New In-Terminal Museum Celebrates Jacksonville’s Rich Aviation History

by Emily Lisska, Jacksonville Historic Society

First Phase Now Open to the Public at the Jacksonville International Airport

The Jacksonville International Airport has officially opened the first phase of its new exhibit, “Jacksonville Takes Flight: North Florida Aviation History from 1878 to 1941.”

Phase 1 of JAX's Aviation Gallery showcases the history of aviation in NE Florida from 1878 to 1941
Phase 1 of JAX’s Aviation Gallery showcases the history of aviation in NE Florida from 1878 to 1941

Featuring the area’s aviation milestones and memorabilia from an era when Florida was sparsely populated and Jacksonville was the state’s “big city”, the new space also allows travelers to view aircraft movement on the ramp.

Visitors to the new Aviation Gallery can watch ramp activity from the large windows.
Visitors to the new Aviation Gallery can watch ramp activity from the large windows

Phase 1 of the exhibit ends on the eve of World War II, as military troops poured into North Florida, creating bases bigger than most Florida cities. The troops included thousands of pilots and “would be” pilots, all relying on the aviation advancements by the designers and dreamers and, of course, the intrepid pilots who flew before them in the North Florida skies.”

The second phase of the gallery will take-off after World War II and conclude with the most recent accomplishments. Phase II will be completed in 2018, the same year JAX celebrates its 50th anniversary.

A wide variety of memorabilia highlights the impact Northeast Florida had on aviation.
A wide variety of memorabilia highlights the impact Northeast Florida had on aviation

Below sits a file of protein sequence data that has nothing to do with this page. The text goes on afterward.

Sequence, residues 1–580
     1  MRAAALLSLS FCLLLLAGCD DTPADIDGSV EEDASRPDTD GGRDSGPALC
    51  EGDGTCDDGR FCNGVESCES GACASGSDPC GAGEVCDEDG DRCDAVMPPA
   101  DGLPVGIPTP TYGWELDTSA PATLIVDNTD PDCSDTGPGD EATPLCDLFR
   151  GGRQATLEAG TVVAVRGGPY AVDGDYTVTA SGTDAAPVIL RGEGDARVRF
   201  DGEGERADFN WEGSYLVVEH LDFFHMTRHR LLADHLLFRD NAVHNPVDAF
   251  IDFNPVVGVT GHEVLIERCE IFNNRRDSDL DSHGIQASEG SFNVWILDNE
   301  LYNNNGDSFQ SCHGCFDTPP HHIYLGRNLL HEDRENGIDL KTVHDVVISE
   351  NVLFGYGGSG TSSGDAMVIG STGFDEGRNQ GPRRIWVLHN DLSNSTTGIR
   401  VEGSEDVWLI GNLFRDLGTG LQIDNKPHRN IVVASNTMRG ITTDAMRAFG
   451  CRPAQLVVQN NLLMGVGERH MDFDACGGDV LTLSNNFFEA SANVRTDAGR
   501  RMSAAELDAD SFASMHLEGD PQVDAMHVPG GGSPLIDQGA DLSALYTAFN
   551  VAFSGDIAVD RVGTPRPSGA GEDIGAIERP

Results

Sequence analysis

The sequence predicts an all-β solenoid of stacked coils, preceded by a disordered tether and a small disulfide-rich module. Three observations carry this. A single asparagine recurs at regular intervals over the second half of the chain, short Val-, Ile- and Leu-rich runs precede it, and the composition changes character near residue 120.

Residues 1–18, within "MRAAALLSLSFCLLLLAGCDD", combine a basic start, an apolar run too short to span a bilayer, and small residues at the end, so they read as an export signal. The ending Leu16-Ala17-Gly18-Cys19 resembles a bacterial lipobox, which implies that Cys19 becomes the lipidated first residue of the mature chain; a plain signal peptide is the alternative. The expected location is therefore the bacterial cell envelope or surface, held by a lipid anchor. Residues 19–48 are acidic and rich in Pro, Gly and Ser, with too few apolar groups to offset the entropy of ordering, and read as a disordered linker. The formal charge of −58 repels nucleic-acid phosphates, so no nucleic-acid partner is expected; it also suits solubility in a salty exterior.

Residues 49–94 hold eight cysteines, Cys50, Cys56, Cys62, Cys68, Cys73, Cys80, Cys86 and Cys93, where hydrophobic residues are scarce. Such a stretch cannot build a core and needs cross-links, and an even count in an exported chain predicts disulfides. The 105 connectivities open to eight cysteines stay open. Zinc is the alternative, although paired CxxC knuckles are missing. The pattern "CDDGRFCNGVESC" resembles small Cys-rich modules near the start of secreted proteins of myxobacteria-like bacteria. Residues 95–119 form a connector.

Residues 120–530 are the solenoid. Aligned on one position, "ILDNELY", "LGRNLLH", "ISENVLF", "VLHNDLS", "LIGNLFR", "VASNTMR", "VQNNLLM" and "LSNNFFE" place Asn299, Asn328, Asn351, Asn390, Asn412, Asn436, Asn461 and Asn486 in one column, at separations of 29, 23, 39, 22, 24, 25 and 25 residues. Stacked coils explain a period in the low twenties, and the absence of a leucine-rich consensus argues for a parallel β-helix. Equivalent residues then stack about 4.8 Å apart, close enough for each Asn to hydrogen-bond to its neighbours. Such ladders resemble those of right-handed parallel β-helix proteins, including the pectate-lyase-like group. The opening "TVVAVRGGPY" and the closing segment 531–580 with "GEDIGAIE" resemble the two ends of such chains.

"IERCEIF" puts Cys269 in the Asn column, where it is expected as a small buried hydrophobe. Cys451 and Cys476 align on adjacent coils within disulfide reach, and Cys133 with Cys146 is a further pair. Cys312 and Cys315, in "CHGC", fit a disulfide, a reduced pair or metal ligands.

Jacksonville and the state of Florida were central in aviation advances even before the Wright Brothers took flight. Beginning with balloon flights and advancing to “modern” metal airliners in little more than half a century, the developing aviation industry embraced Florida – and Jacksonville often led the way.

The area’s hard, wide beaches and its flat terrain provided a natural setting for the early days of aviation experiments and achievement. The glorious St. Johns River winding through the city was a sparkling welcome mat of wide open space and occasional soft landings.

Area climate offered blissfully temperate days year-round with rare cold snaps to challenge plane engines. Further, snow and sleet weren’t issues in the balmy Jacksonville. And, a real bonus, as early aviators attempted more endurance and distance records the East Coast was the logical point of departure or return.

The Aviation Gallery's rotating exhibits ensure there's always something new to learn about the region's rich aviation history
A wide variety of memorabilia highlights the impact Northeast Florida had on aviation

Visitors are welcome to enjoy the museum located pre-security next to the center courtyard food court. It is open every day from 5:00 a.m. to midnight.

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